Rocío Isabel Díaz de la Garza, a researcher and professor at Tecnológico de Monterrey and leader of the Integrative Biology Unit of the recently founded Institute for Obesity, is a clear example that female scientists are here to stay and break stereotypes.
Over the past 15 years, she has created a successful career focused on producing micronutrients in different foods such as papaya, tomato, avocado, and beans, and how they improve metabolism in the human body.
She will now combine her knowledge acquired on genes, proteins, and molecules to lead this Integrative Biology Unit and contribute to improving people’s health and well-being.
In an interview with TecScience, Díaz de la Garza talks about what led her to want to become a scientist, reflects on the importance of continuing to close the gender gap in STEM careers [Science, Technology, Engineering, and Mathematics], and tells us why doing science is actually fun and how the idea that scientists are strange and reclusive people is far from reality.
“We go to the supermarket and eat Gansitos. And we also dance Zumba,” she says.
The only person with that little piece of knowledge
What got you interested in science?
I think it all began in elementary school because I was once put in a competition and it turned out that I was good at math, Spanish, and all that. I was the one who won in class, and I liked working hard. One day, my dad asked me: “Hey, wouldn’t you like to become a researcher?” That stayed with me. Also, my aunt really impacted me. She was a Chemist, and she was always talking about her work in the lab. I was impressed to see how much she loved it and she was always talking about her experiments.
I also took a summer science program supported by the Mexican Academy of Sciences, which was what really influenced my career. I went to Chihuahua to work on oregano spice, and I fell in love with plants, looking at their compounds, and so on. That’s when I said, “This is what I like.”
After finishing high school, guided by the influence of her father, mother, and aunt, Díaz de la Garza decided to study Chemical Engineering, specializing in Food at the Technological Institute of Ciudad Madero in Tampico. Afterward, she studied a master’s degree in Biotechnology at the Autonomous University of Chihuahua.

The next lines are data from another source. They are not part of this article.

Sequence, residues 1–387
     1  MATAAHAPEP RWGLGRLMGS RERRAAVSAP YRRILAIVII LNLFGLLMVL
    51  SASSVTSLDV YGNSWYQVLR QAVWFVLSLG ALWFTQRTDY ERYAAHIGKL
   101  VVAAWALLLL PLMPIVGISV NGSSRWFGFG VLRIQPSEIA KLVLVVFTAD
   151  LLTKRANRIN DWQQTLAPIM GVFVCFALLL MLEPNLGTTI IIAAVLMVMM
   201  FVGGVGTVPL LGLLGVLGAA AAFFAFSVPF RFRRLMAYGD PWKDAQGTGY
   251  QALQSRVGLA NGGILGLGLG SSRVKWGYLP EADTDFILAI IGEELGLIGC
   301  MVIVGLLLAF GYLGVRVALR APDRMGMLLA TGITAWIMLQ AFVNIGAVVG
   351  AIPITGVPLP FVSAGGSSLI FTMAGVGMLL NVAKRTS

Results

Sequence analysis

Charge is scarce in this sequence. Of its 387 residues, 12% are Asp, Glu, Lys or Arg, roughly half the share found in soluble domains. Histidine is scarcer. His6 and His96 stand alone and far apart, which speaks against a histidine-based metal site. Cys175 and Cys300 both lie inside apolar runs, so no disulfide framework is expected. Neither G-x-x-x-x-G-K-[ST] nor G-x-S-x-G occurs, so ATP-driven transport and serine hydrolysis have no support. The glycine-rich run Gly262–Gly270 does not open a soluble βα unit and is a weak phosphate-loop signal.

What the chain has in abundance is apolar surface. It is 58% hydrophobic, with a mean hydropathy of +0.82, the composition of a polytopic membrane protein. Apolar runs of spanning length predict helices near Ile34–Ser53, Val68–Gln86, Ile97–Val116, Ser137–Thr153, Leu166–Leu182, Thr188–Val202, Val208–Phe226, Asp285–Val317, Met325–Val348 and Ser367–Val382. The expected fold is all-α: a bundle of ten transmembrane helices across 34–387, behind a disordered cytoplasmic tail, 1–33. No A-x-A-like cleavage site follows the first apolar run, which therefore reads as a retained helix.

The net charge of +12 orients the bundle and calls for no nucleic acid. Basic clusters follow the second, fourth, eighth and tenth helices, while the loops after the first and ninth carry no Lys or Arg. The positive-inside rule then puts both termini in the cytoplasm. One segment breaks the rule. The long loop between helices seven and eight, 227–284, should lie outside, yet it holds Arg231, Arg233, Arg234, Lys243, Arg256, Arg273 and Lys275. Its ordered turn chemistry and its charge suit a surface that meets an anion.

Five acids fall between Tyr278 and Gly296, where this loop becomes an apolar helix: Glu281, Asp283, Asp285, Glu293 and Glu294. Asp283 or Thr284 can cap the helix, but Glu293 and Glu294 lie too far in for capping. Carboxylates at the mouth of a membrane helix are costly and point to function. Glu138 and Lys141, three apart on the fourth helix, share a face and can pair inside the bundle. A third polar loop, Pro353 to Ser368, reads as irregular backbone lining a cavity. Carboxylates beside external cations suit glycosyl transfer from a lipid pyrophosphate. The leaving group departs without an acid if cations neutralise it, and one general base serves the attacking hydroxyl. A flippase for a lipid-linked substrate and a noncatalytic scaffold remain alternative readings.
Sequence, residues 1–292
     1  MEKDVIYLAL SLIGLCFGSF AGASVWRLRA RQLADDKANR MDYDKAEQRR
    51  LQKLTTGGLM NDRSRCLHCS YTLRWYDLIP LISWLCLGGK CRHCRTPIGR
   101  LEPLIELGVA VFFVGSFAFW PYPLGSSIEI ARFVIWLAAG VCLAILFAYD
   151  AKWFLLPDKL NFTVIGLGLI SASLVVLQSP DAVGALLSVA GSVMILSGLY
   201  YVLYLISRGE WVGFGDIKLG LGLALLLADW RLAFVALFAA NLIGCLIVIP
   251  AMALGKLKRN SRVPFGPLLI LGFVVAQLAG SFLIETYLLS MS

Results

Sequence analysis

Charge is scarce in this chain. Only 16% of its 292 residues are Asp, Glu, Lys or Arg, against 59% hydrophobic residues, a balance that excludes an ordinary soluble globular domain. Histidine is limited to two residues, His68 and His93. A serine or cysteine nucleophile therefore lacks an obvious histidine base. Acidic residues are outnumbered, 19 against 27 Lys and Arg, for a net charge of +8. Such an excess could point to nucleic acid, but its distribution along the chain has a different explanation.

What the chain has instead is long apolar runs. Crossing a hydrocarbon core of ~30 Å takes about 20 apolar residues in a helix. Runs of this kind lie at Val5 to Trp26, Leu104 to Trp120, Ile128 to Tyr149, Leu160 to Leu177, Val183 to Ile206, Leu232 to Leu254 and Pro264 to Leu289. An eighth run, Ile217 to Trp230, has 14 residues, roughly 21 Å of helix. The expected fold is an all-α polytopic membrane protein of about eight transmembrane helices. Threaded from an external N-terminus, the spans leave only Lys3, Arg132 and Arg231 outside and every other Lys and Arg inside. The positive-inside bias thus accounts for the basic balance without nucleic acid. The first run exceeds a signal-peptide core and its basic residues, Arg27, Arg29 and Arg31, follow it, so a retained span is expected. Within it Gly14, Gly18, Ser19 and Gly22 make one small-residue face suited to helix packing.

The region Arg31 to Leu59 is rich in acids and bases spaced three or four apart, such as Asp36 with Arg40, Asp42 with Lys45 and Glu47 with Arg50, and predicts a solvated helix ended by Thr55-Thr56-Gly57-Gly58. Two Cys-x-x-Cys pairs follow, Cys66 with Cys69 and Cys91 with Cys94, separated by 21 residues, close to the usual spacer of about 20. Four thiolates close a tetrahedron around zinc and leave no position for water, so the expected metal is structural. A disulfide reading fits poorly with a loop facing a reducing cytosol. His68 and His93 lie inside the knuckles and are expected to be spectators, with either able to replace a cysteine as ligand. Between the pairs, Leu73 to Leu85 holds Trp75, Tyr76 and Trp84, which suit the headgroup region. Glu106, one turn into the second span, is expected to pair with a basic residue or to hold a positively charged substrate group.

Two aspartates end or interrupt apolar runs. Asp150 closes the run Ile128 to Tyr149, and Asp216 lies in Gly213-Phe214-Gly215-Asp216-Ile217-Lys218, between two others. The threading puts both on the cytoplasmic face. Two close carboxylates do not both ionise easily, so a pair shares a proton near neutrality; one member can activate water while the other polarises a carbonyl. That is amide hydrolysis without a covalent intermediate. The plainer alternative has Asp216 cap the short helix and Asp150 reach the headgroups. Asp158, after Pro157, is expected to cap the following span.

Once she graduated, she realized she also needed to study a Ph.D. to become a researcher, so she moved to the city of Gainesville in the United States to do a Ph.D. in Plant Molecular and Cellular Biology at the University of Florida.
Which are some of your most rewarding moments or your greatest achievements as a scientist?
When I was doing my doctoral dissertation, I managed to increase the amount of folic acid in tomatoes. I spent two years doing lab work, without knowing if it would work. There was an experiment where a little stripe had to appear. If that little stripe showed, it had worked. It was a western blot [a lab technique used to detect the amount of protein in a sample] and it meant that my protein was there and, well, it was a big stripe. That was the result of two years of work. At that point, you’re the only person in the world who knows that. For a while, you’re the only person on Earth to have that little piece of knowledge, and it feels amazing.
Another big moment was when, as a team, we received the National Food Technology Award. It was a thesis we did with Dra. Perla Ramos and Dra. Carmen Hernández. We generated the evidence of precisely that discovery: papaya genes turn on if you cause them stress at high pressure and this makes them produce more vitamins.
Beyond the aims of your research, how does it feel to be a scientist as a human being?
I once said that I have the best job in the world. I consider myself very lucky to do what I enjoy. And I continue to say it: I have one of the best jobs because I train people. In other words, it’s a responsibility but it’s the best thing that can happen to you, to see how your teaching impacts others.
One of the best feelings is when you explain something that’s very complex, and the third time [that you explain it], you see a glimmer in their eyes that says: “I get it.” And also helping them discover what their passion is, that’s also part of the job.